Tuesday, election day, was rather ambivalent—partly clear and partly cloudy. Lon went to the Village about two o’clock, but came back without voting.
Howard Stevens stopped by between three and four to take Lon and Aida to vote. Howard also drove them back home.
Wednesday morning Aida, stopped at the A&P before going to the Post Office where she saw Howard. On her way home Aida met Mrs. Winter. Lon went up to Wormuth’s to order coal in the afternoon. He met Arthur in the Village and Arthur gave him a lift home.
Wednesday Jim Leavenworth started working on the Stege place for Narrowsburg Lumber Company.
Friday was a pleasant day and Aida did her washing in the morning. Saturday morning she ironed. Mr. Briggs and his son John brought up some apples in the afternoon and made cider. Continue reading →
Repost from 2013: These postcards are from a Souvenir Folder of the Sunny South. They were sent to Aida Austin from Chattanooga, in October 1917. So I assume the folder was from Mortimer McKinley Austin, Aida’s nephew.
McKinley Austin, Chickamauga Park, Ga., to Jennie Austin October 7, 1917
I am sorry you were worried about me. I might say though that it is best to always believe the best; you’ll hear of the worst. I have learned since I joined the army not to worry.
I would have written sooner this time, but we had 24 hours in the trenches, a long hike, and a couple of sham battles and I have been so tired when the day’s work was over, I didn’t feel like writing. The strike is over and we can go to Chattanooga when it doesn’t interfere with our duties. McKinley
McKinley Austin, Chickamauga Park, Ga., to Mort Austin November 3, 1917
I got out of the hospital alright. I wish I could get off and come home for a couple of weeks, but they are only giving short passes now.
I am sending you some pictures I had taken in Chickamauga. One of the pictures is of me on the bridge below Chickamauga, another of two fellows from the 52nd down at Crawfish Springs, another of another fellow and me at the same place and the other of a place on the road to Chickamauga. Continue reading →
Wednesday, October 1, Lon (84) received a birthday card from his brother Ell.
Thursday, October 2, one of the state police stopped in to see if Lon had seen anything of the neighbor’s adopted boy. “A lot of young fellows were riding horseback up our lane and down the field across the road. I think they must have been looking for Harold’s boy,” noted Aida.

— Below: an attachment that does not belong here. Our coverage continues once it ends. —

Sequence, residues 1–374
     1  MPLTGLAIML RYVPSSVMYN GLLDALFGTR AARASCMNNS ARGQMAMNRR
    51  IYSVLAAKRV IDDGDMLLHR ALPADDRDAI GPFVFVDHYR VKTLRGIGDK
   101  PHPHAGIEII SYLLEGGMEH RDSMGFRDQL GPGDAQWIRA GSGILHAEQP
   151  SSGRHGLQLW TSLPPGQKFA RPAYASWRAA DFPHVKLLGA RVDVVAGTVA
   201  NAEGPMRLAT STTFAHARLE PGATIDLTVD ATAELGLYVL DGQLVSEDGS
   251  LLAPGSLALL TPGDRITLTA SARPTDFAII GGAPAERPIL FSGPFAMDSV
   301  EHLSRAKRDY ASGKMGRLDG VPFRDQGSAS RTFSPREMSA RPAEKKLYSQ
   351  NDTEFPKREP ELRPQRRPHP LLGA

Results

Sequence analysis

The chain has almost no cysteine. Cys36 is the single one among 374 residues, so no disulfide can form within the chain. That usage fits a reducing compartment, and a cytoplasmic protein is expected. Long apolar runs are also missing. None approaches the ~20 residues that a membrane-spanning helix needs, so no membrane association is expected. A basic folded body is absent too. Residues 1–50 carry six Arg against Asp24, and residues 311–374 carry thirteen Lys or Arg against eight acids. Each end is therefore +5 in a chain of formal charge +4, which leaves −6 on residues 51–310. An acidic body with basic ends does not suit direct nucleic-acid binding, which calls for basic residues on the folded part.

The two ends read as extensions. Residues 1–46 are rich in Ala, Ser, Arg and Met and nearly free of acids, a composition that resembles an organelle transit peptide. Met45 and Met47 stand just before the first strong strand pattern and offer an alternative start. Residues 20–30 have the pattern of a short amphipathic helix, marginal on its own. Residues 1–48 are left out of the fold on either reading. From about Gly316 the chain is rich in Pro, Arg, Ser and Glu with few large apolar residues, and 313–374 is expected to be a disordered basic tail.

Friday morning Aida was once again at the A&P. But they did not yet have the bread she wanted. Arthur and Lon had gone to Port Jervis in the morning. When they came back, Aida rode to the Village with Arthur for the bread. Art then drove Aida home.
Mae was over and told Aida that they found Harold’s boy with his aunt at Glen Spey.
“Listened to exciting war news of ship sinking off Brazil,” Aunt Anna Leavenworth of Islip wrote on Friday.
Monday, October 6, in Eldred Lon went to the A&P and the Post Office. Monday evening the Yankees won the World Series.
Wednesday Rowlee fixed the church door and the steps on the stoop at Aida’s. Aida was at the A&P and Post Office on Thursday.
Saturday was the Methodist Church Picnic. The group stayed in the Church Hall and didn’t go to the lake as usual, because it was too windy.
Sunday, October 12, in Islip, Anna knitted afghans for the British Relief.
Monday morning in Eldred, Lon went to the Post Office. Robbie Bosch and the Myers’ boy who worked for them, took wood over to Lon’s in the afternoon. Lon made some cider.
Ella Leavenworth who lived on the west side of Eldred, bought 100 pounds of potatoes from the A&P on Monday.
Tuesday when Aida got back from the A&P, she helped Lon finish carrying in his wood. Lon made some more cider. Continue reading →
Monday, September 1, was Labor Day. Art was at the old Austin farm for quite a while in the morning.
Tuesday morning Aida was once again at the A&P. In the afternoon her niece Lillie stopped by for a few minutes. On the west side of Eldred, Garfield continued working on the porch floor he had started.
Wednesday Arthur was on his way home from work when he saw his uncle Lon who had just bought some ice cream at one of the grocery stores. Art drove his uncle home. Then the two of them went to Aida’s, and all three (like true Austins) ate the ice cream.
Arthur and Aida talked a few minutes about an Algebra problem, then he went on home to Alfred and Bessie Hill’s where he boarded, or soon would.
Thursday noon Aida was at the A&P. Lon asked his nephew Bill (who hadn’t gone to work because it was so rainy) to give him a ride to Yulan.
Saturday morning in Eldred, Aida stopped at Lizzie Wilson’s on her way to the A&P. One of the boarders from the Rothman House accompanied Aida on her way home.
Sunday, September 7, Dr. Austin and Herman Bosch were in to see Aida after Lon went to church.
Monday Lon ate dinner at the County House with a minister’s organization. When he got back, Arthur drove him to his brother Bill’s and then back home.
It was terribly warm on Wednesday. Hopefully the butter Lon bought (along with some bread) at the A&P, did not melt on his way home. Continue reading →